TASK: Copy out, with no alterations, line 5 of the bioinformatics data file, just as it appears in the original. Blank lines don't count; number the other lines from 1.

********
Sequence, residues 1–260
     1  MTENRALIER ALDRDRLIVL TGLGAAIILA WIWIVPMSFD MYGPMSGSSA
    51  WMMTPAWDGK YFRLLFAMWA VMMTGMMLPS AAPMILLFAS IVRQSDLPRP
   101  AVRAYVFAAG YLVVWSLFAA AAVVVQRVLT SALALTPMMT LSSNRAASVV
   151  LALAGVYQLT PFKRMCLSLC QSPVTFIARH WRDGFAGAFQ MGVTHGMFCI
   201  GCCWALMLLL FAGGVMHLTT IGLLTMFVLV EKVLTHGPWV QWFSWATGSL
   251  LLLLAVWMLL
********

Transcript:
   151  LALAGVYQLT PFKRMCLSLC QSPVTFIARH WRDGFAGAFQ MGVTHGMFCI